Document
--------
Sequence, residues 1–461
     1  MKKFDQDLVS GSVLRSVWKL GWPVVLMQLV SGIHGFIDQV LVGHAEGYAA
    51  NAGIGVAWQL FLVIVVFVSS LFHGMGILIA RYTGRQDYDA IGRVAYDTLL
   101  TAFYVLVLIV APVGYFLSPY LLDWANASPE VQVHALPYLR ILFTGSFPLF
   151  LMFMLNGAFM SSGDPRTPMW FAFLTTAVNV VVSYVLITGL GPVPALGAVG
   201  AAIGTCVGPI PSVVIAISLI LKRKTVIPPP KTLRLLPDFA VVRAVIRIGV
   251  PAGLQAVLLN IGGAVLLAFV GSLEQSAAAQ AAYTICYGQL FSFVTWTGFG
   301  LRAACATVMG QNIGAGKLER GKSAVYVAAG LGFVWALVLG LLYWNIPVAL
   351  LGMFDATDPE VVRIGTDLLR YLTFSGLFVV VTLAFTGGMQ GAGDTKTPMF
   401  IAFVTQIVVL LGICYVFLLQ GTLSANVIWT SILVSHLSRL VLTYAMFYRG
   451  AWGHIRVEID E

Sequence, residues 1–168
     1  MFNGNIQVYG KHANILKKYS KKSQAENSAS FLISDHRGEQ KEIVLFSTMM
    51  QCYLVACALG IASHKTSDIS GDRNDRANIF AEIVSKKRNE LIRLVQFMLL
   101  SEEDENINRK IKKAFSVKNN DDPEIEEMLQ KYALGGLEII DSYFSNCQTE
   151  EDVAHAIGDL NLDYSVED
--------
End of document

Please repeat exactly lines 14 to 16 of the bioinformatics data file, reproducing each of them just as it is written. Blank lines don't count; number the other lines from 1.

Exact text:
    51  QCYLVACALG IASHKTSDIS GDRNDRANIF AEIVSKKRNE LIRLVQFMLL
   101  SEEDENINRK IKKAFSVKNN DDPEIEEMLQ KYALGGLEII DSYFSNCQTE
   151  EDVAHAIGDL NLDYSVED